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Concerns over impact of EU trade agreements on US trade with Africa

02 February 2014

In November 2013, the US Department of Agriculture (USDA) posted a report on the impact of EU trade agreements on US agro-food sector trade with South Africa and the wider region. The USDA report stated that “bilateral agreements between the European Union and countries in Sub-Saharan Africa pose greater competition to market share for US agricultural exports to the region.” In the case of South Africa, the report maintains that “current EU tariff advantages are creating additional barriers to US exports,” following the full implementation of the EU–South Africa Trade, Development and Cooperation Agreement (TDCA) trade liberalisation commitments in 2012.

According to USDA analysis, “since going into effect in 2000, trade between the EU and South Africa has improved substantially as a result of the TDCA.” Indeed, between 2007 and 2012 (the final phase of implementation of tariff elimination commitments), “EU agricultural exports to South Africa surged from $990 million to just over $2 billion.”

This is thought to be the tip of the iceberg of US concerns, given the conclusion of Economic Partnership Agreements (EPAs) and Interim EPAs (IEPAs) at the end of 2007. Ongoing negotiations in the Southern African Development Community (SADC) EPA context are expected “to expand EU market access for pork, dairy, wheat, processed foods and more”.

Table 1: EU tariff preferences on exports to South Africa and value of trade in 2012

Product Highest tariff differential (%)

EU export dollar values

(US$ million)

US export dollar values

(US$ million)

Average % tariff Difference
Chapter 2        
Frozen poultry not in pieces 82      
Frozen poultry cuts and offal 37 265 31.1 7.0 °
Chapter 20        
Pineapples 55      
Tomato paste 37      
Mushrooms 37      
Olives 25 71.2 9.2 18.4
Chapter 22        
Wine etc. 25      
Alcohol with ABV of 80%+ 317c /litre 452.0 29.3 16.8
Chapter 21        
Prepared baking powders 30 152.7 33.4 10.6
Chapter 7        
Garlic 325 c/kg to max. 37      
Potatoes 30 19.0 6.5 9.9
Chapter 12        
Flours 20      
Locust beans 20 29.7 10.6 6.9
Chapter 8        
Guavas, mangoes, mangosteen 35      
Fruit and nuts 20 20.0 15.2 5.8
Chapter 10        
Millet 5      
Sorghum 3 41.4 31.4 1.2
Chapter 4        
Flavoured milk, buttermilk etc 450 c/litre to max 96%      
Whey 450 c/litre to max 96% 106.5 29.3 4.1
Honey 22      

° Special safeguards are also applied against US poultry exports to South Africa

Source: South Africa Customs and Excise Tariffs and Global Trade Atlas, cited in USDA GAIN Report, 26 November 2013 (see below), Table 1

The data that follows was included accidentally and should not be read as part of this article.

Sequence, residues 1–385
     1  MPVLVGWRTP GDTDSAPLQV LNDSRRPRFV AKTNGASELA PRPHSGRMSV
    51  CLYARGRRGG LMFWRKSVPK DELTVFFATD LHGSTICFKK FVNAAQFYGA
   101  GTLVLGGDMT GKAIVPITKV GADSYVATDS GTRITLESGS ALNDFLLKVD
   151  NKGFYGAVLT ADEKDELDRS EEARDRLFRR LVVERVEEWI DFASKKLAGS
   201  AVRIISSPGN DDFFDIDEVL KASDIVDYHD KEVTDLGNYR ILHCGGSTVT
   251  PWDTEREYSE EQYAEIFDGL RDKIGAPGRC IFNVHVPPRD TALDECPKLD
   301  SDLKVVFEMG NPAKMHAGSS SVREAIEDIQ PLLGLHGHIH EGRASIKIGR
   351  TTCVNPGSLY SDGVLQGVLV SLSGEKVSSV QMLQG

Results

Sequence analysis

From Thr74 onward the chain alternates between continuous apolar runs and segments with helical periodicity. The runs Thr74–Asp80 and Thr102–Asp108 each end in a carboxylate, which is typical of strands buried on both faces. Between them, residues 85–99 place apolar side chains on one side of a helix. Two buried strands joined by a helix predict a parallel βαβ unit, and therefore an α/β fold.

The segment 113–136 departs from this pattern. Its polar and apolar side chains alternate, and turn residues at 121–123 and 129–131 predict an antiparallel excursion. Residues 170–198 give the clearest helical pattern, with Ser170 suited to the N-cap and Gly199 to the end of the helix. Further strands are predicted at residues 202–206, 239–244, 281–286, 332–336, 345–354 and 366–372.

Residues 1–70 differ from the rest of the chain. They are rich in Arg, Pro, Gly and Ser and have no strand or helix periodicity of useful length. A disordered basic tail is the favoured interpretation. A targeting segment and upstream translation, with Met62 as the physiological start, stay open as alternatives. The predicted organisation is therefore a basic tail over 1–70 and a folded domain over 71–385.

The report also states that “the EU still has significantly more market share than the US partly as a result of preferential access.” The situation is seen as being particularly acute in the poultry sector where, in addition to conventional tariff disadvantages, the US exports are also subject to anti-dumping duties of 940 US cents/kg on frozen chicken cuts.

Table 2: Tariff differentials on poultry between US and EU, 2013

HS chapter code Description General tariff (%) EU tariff
0207.12.20 Carcasses 31 Free
0207.12.90 Other 82 Free
0207.14.10 Boneless cuts 12 Free
0207.14.20 Offal 30 Free
0207.14.90 Other 37 Free

Source: South Africa Customs and Excise Tariffs, cited in USDA GAIN Report, 26 November 2013 (see below), Table 2

Editorial comment

The significance of the competitive position of US exporters on the South African market lies in the fact that South Africa and neighbouring Southern African Customs Union (SACU) members are the only ACP countries where reciprocal free-trade commitments towards the EU have been fully implemented (with the exception of EU goods exported via Walvis Bay). There is concern in the US that this could be indicative of the competitive position in which US exporters will find themselves once the reciprocal tariff elimination commitments towards the EU agreed under the EPAs and IEPAs are fully implemented.

The US concern takes on relevance for African governments in view of the pending review/renewal of the US Africa Growth and Opportunities Act (AGOA), which is scheduled to expire in September 2015 (see Agritrade article ‘ Africa and the United States discuss the future of AGOA’, 11 October 2013). Pressure could emerge from US agro-food exporters for any new AGOA agreement to embrace elements of reciprocity in the tariff commitments entered into, particularly where individual African governments have in place an EPA with the EU.


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